United States District Court, W.D. Washington, Tacoma
ORDER DENYING PLAINTIFF'S MOTION FOR APPOINTMENT OF COUNSEL AND DIRECTING PLAINTIFF TO PERFECT SERVICE
KAREN L. STROMBOM, Magistrate Judge.
This matter has been referred to United States Magistrate Judge Karen L. Strombom, pursuant to 28 U.S.C. § 636(b)(1), Local Rules MJR 3 and 4, and Fed.R.Civ.P. 72. The case is before the undersigned because Plaintiff, Sonny Borja, filed and noted a motion requesting a jury trial and asking for appointment of counsel. Dkt. 6. The Clerk's Office is directed to note that plaintiff has requested a jury trial.
Mr. Borja paid the full filing fee and is not proceeding in forma pauperis. Mr. Borja alleges that he was assaulted by a corrections officer in the county jail and then placed in segregation. Dkt. 5. However Plaintiff admits that there are pending charges for custodial assault as a result of this incident. Id. Mr. Borja challenges his classification and states that he has remained on some form of lock down status or administrative segregation since this incident. Id. Mr. Borja states that it has been over 17 months since he was placed on the higher custody level. Id. Mr. Borja asks for appointment of counsel and says he does not have access to "process services." Dkt. 6.
1. Appointment of Counsel.
No constitutional right exists to appointed counsel in a § 1983 action. Storseth v. Spellman, 654 F.2d 1349, 1353 (9th Cir. 1981). See also United States v. $292, 888.04 in U.S. Currency, 54 F.3d 564, 569 (9th Cir. 1995) ("[a]ppointment of counsel under this section is discretionary, not mandatory.") However, in "exceptional circumstances, " a district court may appoint counsel for indigent civil litigants pursuant to 28 U.S.C. § 1915(e)(1) (formerly 28 U.S.C.§ 1915(d)). Rand v. Roland, 113 F.3d 1520, 1525 (9th Cir. 1997), overruled on other grounds, 154 F.3d 952 (9th Cir. 1998) (emphasis supplied.)
Plaintiff paid the full filing fee and is not proceeding as a indigent inmate. Even if Plaintiff were indigent a court could only appoint counsel in exceptional circumstances. The undersinged must evaluate both "the likelihood of success on the merits [and] the ability of the petitioner to articulate his claims pro se in light of the complexity of the legal issues involved." Wilborn v. Escalderon, 789 F.2d 1328, 1331 (9th Cir. 1986) (quoting Weygandt v. Look, 718 F.2d 952, 954 (9th Cir. 1983)). A plaintiff must plead facts that show he has an insufficient grasp of his case or the legal issue involved and an inadequate ability to articulate the factual basis of his claim. Agyeman v. Corrections Corp. of America, 390 F.3d 1101, 1103 (9th Cir. 2004).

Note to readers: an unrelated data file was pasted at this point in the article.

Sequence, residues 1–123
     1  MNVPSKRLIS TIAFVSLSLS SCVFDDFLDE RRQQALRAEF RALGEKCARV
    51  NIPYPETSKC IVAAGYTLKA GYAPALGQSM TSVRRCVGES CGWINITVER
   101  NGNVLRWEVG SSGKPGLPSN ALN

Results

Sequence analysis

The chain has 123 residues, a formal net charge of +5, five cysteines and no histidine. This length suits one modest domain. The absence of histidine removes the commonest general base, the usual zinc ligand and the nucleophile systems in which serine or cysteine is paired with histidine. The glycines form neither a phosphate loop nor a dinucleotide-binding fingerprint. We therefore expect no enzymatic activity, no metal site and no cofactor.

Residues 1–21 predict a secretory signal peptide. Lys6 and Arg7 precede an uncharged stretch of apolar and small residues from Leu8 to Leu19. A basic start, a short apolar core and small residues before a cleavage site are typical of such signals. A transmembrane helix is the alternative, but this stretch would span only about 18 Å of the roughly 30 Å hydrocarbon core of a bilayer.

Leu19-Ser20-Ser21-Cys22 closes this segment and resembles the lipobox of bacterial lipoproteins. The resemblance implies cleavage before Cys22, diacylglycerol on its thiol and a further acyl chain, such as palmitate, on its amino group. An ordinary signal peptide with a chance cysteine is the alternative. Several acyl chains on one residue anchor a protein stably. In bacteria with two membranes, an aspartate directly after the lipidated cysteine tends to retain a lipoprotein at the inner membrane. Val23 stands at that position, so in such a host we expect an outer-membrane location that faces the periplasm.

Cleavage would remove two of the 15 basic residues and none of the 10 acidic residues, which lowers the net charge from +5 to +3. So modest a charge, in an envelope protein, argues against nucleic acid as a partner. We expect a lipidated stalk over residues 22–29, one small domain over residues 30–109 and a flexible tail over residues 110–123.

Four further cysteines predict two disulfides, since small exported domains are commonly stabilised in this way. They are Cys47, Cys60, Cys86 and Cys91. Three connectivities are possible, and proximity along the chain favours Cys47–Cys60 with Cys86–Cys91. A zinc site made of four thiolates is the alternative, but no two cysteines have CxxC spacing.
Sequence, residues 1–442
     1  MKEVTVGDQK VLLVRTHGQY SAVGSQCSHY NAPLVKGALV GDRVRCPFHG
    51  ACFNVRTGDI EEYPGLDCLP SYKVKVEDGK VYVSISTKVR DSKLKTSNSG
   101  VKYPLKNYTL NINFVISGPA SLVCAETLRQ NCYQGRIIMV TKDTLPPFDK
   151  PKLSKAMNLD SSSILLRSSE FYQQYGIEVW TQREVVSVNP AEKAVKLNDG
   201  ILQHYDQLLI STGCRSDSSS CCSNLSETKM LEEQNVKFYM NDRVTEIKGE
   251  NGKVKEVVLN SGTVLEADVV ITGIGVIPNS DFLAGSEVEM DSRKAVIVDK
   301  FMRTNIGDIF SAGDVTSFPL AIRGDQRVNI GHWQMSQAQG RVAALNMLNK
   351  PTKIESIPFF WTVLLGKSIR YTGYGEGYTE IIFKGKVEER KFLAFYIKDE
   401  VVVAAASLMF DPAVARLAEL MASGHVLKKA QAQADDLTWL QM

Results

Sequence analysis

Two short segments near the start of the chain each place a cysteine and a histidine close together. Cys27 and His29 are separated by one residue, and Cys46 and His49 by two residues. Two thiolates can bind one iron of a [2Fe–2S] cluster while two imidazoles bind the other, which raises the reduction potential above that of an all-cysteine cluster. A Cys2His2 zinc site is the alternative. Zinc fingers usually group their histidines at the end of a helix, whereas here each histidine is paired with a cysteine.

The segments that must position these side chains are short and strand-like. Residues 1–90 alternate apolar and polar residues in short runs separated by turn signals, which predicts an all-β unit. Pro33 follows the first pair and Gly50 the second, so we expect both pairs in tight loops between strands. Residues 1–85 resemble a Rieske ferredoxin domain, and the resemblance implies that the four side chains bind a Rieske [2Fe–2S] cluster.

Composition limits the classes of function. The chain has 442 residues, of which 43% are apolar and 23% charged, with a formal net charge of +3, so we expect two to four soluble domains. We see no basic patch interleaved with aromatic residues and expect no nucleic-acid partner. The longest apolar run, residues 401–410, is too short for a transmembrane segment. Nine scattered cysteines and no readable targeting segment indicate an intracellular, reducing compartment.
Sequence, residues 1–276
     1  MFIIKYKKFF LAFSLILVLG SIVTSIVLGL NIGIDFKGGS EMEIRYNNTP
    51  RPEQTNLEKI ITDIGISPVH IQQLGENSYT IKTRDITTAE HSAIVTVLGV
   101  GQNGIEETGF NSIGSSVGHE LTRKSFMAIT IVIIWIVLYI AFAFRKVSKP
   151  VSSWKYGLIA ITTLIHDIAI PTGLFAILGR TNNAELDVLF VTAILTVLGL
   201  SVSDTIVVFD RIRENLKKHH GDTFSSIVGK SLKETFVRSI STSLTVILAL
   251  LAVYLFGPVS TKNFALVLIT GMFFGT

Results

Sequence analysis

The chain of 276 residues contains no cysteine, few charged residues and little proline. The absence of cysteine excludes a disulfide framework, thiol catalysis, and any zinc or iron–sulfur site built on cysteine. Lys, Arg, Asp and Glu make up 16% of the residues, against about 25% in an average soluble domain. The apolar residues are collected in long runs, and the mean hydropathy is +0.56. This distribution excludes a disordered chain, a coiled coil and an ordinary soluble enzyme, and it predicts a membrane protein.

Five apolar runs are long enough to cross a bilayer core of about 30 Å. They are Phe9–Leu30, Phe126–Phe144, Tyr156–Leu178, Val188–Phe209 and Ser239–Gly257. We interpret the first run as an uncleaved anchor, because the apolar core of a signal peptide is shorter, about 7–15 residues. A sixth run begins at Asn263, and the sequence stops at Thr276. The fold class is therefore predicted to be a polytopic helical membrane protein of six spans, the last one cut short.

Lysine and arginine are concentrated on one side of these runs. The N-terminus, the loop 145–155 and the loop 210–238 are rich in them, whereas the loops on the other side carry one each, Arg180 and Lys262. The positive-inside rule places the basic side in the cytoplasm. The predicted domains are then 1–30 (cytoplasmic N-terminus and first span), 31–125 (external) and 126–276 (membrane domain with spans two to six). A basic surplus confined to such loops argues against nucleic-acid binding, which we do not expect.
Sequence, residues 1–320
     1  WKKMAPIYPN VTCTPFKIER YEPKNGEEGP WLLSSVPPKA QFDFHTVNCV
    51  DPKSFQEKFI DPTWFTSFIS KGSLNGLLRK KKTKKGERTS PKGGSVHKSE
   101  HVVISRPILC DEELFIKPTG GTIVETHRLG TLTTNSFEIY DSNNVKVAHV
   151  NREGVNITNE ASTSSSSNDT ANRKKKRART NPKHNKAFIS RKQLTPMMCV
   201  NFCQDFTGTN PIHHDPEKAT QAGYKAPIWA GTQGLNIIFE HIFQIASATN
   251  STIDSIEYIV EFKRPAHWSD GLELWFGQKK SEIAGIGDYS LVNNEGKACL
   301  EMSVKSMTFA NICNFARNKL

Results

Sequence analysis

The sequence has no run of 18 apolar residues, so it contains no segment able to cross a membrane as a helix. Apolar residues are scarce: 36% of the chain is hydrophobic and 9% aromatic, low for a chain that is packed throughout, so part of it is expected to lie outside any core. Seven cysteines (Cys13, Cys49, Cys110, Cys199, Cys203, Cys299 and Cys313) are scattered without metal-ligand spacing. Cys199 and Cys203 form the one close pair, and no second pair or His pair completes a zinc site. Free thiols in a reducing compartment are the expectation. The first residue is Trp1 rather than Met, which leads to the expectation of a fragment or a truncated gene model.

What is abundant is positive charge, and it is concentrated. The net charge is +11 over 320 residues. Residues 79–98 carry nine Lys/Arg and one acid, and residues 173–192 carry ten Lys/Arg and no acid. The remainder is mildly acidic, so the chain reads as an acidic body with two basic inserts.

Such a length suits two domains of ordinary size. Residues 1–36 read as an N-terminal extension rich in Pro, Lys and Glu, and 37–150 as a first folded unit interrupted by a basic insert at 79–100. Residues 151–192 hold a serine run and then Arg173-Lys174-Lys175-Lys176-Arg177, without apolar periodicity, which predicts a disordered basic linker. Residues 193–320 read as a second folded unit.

Plaintiff has the ability to articulate his claim and he has done so in his complaint. Plaintiff alleges that he is being held at a higher classification level then he deserves. Dkt. 5. Plaintiff has no right to be held in any particular prison or at any particular custody level. Hewitt v. Helms, 459 U.S. 460, 467-68 (1983), overruled on other grounds, Sandin v. Conner, 515 U.S. 472, 473 (1995); Olim v. Wakinekona, 461 U.S. 238 (1983). This is true even if the transfer results in a "grievous loss." Meachum v. Fano, 427 U.S. 215, 224 (1976). Further, an inmate does not have a right to be free from administrative segregation. Smith v. Noonan, 992 F.2d 987, 989 (9th Cir. 1993). Thus, plaintiff fails to show a likelihood of success on the merits. Accordingly the undersigned DENIES plaintiff's motion for appointment of counsel.
2. Service of process.
Mr. Borja states that he does not have access to a "process service." Dkt. 6, p. 2. Fed. R.
Civ. P. 4 addresses service of process. Because Mr. Borja has also indicated he does not have access to federal legal material (Dkt. 6, p. 2) the undersigned sets forth relevant portions of Fed.R.Civ.P. 4:
Federal Rule of Civil Procedure 4
(a) Contents; Amendments.
(1) Contents. A summons must:
(A) name the court and the parties;
(B) be directed to the defendant;
(C) state the name and address of the plaintiff's attorney or-if ...